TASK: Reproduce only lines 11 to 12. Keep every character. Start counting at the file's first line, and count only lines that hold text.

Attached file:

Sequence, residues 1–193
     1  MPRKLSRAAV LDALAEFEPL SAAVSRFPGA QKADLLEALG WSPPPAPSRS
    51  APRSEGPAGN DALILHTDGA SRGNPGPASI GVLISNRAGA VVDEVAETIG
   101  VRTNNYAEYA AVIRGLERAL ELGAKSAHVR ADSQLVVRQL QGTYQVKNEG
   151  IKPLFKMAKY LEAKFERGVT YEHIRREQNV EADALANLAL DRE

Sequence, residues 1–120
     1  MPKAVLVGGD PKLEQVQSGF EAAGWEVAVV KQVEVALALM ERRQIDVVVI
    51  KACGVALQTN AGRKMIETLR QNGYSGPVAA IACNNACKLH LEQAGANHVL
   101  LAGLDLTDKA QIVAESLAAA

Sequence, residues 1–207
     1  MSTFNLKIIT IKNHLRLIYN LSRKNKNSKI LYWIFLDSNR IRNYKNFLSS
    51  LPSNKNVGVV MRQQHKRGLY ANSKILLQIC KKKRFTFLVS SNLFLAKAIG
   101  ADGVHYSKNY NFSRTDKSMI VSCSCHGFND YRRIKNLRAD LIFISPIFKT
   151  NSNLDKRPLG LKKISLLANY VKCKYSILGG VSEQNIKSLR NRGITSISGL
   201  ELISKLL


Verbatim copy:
     1  MSTFNLKIIT IKNHLRLIYN LSRKNKNSKI LYWIFLDSNR IRNYKNFLSS
    51  LPSNKNVGVV MRQQHKRGLY ANSKILLQIC KKKRFTFLVS SNLFLAKAIG